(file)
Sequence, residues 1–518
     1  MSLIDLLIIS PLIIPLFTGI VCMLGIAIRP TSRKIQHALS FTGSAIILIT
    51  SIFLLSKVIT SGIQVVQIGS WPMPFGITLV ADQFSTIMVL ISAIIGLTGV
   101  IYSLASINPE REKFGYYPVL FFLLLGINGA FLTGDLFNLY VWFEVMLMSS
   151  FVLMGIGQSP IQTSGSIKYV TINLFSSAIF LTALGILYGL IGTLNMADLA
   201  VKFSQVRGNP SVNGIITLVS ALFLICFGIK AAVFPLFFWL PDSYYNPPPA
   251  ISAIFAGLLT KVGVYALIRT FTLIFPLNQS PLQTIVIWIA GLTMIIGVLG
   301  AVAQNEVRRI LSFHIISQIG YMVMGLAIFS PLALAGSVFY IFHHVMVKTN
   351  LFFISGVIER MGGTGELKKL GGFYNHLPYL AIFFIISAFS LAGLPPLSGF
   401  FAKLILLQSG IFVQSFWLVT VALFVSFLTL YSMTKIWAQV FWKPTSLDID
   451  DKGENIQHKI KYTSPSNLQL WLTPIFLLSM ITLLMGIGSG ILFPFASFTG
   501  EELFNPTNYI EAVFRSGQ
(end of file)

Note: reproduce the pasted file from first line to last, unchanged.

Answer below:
Sequence, residues 1–518
     1  MSLIDLLIIS PLIIPLFTGI VCMLGIAIRP TSRKIQHALS FTGSAIILIT
    51  SIFLLSKVIT SGIQVVQIGS WPMPFGITLV ADQFSTIMVL ISAIIGLTGV
   101  IYSLASINPE REKFGYYPVL FFLLLGINGA FLTGDLFNLY VWFEVMLMSS
   151  FVLMGIGQSP IQTSGSIKYV TINLFSSAIF LTALGILYGL IGTLNMADLA
   201  VKFSQVRGNP SVNGIITLVS ALFLICFGIK AAVFPLFFWL PDSYYNPPPA
   251  ISAIFAGLLT KVGVYALIRT FTLIFPLNQS PLQTIVIWIA GLTMIIGVLG
   301  AVAQNEVRRI LSFHIISQIG YMVMGLAIFS PLALAGSVFY IFHHVMVKTN
   351  LFFISGVIER MGGTGELKKL GGFYNHLPYL AIFFIISAFS LAGLPPLSGF
   401  FAKLILLQSG IFVQSFWLVT VALFVSFLTL YSMTKIWAQV FWKPTSLDID
   451  DKGENIQHKI KYTSPSNLQL WLTPIFLLSM ITLLMGIGSG ILFPFASFTG
   501  EELFNPTNYI EAVFRSGQ